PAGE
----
The Relation of Forensic and Nuptial Metaphors
in Luther’s The Freedom of a Christian
by John Drury
Luther uses a wealth of metaphors to capture the relationship between Christ and Christians. Not only are these metaphors spread about his corpus, but also appear side-by-side within the same treatise. Two such metaphors – the forensic and the nuptial – are used together in Luther’s treatise The Freedom of a Christian. The marriage metaphor expresses the unity of Christ and the Christian: “The third incomparable benefit of faith is that it unites the soul with Christ as a bride is united with her bridegroom” (60). In the same context, the marriage metaphor is understood in forensic terms: “it follows that everything they have they hold in common, the good as well as the evil” (60). What is the relationship of these two metaphors? Which one is primary? Which one interprets the other?
I would like to suggest four possible relationships between the two metaphors. The first two are disjunctive, while options three and four are inclusive. The first possibility is that the forensic metaphor excludes any independent significance of nuptial imagery (F Ú M). One could point to passages where the marriage seems to simply stand in for the legal exchange of property: “Now just as Christ by his birthright obtained these two prerogatives, so he imparts them to and shares them with everyone who believes in him according to the law of the abovementioned marriage, according to which the wife owns whatever belongs to the husband” (63, italics mine). Although the legal aspect of marriage should not be overlooked, the language of union, impartation, and sharing found in the same context limit its grasp of the whole. The forensic, therefore, does not exclude the nuptial.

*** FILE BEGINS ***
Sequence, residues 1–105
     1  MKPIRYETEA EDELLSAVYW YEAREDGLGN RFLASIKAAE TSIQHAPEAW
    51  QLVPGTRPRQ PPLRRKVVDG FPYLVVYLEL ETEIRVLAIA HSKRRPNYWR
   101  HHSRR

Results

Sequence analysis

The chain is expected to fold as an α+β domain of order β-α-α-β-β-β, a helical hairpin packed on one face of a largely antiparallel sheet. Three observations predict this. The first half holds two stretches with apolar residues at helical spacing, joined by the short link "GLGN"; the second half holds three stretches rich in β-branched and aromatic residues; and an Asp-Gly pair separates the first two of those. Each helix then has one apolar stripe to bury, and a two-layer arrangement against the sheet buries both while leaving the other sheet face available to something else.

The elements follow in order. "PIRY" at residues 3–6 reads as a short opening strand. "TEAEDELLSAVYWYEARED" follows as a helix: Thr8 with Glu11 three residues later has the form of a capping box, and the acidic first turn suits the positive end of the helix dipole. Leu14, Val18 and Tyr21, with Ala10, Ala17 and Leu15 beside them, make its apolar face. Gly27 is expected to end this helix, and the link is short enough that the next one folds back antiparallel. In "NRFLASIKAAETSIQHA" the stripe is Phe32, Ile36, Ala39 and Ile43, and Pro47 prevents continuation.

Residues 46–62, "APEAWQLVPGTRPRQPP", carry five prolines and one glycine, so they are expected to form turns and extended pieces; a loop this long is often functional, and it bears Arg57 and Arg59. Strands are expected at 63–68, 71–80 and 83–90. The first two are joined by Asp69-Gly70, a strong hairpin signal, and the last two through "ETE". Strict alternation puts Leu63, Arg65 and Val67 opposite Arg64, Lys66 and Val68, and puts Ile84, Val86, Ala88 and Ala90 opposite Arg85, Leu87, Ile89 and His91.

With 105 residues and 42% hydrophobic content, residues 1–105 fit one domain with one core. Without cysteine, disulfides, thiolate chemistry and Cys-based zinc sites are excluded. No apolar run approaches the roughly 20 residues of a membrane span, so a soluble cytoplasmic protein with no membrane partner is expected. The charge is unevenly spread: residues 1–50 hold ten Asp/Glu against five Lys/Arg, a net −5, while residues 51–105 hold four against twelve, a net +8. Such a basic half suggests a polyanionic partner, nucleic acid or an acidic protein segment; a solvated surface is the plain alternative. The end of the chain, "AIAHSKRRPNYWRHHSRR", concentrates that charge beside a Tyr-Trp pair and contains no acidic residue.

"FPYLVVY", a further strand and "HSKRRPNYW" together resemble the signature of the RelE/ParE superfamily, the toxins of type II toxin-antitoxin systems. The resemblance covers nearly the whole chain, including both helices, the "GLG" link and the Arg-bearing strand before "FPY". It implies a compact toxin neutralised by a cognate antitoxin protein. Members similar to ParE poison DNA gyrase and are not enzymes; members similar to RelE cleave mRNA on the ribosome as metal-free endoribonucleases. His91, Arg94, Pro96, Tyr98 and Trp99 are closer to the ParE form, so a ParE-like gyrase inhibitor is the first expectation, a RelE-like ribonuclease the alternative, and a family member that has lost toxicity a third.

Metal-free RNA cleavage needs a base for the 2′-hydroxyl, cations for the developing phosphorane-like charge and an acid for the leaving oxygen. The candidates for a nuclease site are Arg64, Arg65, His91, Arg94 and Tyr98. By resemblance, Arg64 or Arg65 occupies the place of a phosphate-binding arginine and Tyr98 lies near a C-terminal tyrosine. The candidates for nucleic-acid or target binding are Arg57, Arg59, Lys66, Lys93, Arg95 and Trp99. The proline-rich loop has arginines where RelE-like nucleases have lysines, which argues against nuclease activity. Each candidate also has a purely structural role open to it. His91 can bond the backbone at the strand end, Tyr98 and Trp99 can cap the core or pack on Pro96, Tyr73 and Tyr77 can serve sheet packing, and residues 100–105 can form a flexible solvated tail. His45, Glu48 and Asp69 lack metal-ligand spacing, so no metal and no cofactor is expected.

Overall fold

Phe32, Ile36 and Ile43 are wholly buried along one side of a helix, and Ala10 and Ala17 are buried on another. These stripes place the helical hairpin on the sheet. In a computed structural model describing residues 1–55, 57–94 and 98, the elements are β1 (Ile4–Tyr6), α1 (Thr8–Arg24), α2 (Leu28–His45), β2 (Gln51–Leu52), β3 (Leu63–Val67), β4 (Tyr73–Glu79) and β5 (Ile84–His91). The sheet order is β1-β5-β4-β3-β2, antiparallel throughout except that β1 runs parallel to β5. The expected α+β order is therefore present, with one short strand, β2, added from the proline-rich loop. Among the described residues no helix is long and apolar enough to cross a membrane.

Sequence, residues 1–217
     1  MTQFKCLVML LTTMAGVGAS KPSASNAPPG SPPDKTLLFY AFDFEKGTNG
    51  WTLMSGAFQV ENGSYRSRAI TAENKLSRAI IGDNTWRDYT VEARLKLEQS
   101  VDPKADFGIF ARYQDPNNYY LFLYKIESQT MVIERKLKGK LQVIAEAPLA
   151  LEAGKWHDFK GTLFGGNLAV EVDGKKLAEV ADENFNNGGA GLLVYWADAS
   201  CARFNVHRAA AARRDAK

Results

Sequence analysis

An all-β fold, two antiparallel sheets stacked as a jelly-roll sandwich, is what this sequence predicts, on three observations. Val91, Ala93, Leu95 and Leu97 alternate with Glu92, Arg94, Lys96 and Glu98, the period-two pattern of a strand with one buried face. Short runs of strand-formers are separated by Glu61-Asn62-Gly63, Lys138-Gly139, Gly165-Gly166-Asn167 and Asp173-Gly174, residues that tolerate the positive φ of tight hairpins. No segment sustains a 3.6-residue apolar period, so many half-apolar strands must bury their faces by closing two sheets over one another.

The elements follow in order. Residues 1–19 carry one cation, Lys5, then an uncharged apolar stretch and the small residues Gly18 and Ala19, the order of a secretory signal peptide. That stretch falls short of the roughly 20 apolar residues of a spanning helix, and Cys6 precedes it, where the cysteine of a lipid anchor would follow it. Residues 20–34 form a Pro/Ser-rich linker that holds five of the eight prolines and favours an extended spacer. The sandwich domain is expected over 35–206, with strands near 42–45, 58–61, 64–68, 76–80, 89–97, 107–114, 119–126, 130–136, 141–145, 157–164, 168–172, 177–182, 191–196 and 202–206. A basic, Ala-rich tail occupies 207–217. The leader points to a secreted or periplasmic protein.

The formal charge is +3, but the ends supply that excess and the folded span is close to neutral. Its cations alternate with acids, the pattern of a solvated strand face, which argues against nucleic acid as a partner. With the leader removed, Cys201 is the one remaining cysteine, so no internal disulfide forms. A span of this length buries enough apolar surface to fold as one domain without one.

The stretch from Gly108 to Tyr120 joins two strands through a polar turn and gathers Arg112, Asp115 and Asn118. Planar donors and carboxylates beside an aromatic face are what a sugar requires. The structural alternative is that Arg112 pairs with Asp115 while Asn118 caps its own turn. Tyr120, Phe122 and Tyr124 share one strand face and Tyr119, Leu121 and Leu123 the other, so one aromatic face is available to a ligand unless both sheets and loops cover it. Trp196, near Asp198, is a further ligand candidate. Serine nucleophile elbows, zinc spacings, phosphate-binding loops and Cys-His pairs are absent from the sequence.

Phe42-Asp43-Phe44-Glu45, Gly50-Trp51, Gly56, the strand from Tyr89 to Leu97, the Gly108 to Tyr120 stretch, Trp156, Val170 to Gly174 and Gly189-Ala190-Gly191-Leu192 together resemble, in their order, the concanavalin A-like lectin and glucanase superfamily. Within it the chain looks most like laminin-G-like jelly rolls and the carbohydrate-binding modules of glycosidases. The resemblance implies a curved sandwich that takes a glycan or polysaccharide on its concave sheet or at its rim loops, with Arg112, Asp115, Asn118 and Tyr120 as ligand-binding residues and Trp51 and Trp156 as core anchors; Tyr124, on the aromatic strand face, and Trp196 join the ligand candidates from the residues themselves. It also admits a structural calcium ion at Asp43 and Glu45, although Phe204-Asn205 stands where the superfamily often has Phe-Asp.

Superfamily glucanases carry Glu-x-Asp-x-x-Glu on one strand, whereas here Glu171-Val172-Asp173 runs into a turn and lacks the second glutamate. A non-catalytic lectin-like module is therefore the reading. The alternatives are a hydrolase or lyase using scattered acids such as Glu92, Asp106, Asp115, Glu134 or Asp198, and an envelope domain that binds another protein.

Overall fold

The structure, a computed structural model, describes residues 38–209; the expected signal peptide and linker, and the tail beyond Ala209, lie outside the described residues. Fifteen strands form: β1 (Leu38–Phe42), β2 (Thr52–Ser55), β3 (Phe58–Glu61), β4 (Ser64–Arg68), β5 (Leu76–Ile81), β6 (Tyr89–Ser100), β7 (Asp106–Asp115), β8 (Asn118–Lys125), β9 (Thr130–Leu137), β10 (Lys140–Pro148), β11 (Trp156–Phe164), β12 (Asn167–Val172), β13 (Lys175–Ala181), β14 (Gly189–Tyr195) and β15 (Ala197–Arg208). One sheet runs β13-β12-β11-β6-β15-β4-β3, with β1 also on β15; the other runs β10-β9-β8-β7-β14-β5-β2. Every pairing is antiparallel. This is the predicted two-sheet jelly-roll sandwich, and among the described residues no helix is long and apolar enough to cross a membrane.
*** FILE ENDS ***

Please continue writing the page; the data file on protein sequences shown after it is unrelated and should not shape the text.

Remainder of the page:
The second possibility is that the nuptial metaphor excludes any independent significance of forensic imagery (M Ú F). One could note Luther’s strong language of mystical union: “Christ and the soul become on flesh” (60) and “[b]y the wedding ring of faith he shares in the sins, death, and pains of hell which are his bride’s” (61). Although the nuptial metaphor clearly dominates the language of The Freedom of a Christian, one is forced to suppress the obvious legal aspect of the marriage.<![if !supportFootnotes]>[i]<![endif]> Clearly the two disjunctive options do not make sense of the apparent coexistence of forensic and nuptial metaphors in Luther.
The third possibility is that the forensic metaphor includes the nuptial metaphor (F Ì M). Legal language explains the nuptial, but without explaining it away. The difference between this and the first option lies in its ability to allow the nuptial metaphor to do its work. This is an attractive possibility, for legal language plays such a significant role in Luther’s corpus and especially in his discussions of the unquestionably forensic term “justification.” However, the forensic metaphor breaks down at the precise point where the nuptial metaphor keeps working. Before either metaphor is introduced, Luther speaks in vivid terms of union: “how much more will this most tender spiritual touch, this absorbing of the Word, communicate to the soul all things that belong to the Word” (58). Luther uses similar language when speaking later in nuptial terms. The imagery of the courtroom simply cannot carry the concept of union as well as the vision of marriage can. Forensic imagery has its place, but it is not a master-metaphor capable of containing and explaining nuptial imagery.
<![if !supportFootnotes]>[i]<![endif]> This is the risk run by much of recent Finnish interpretation of Luther. See Carl E. Braaten and Robert W. Jenson, eds., Union With Christ: The New Finnish Interpretation of Luther (Grand Rapids: Eerdmans, 1998) as well as Scott Hendrix, “Martin Luther’s Reformation of Spirituality,” Lutheran Quarterly 13:3 (1999) 249-270, esp. 258.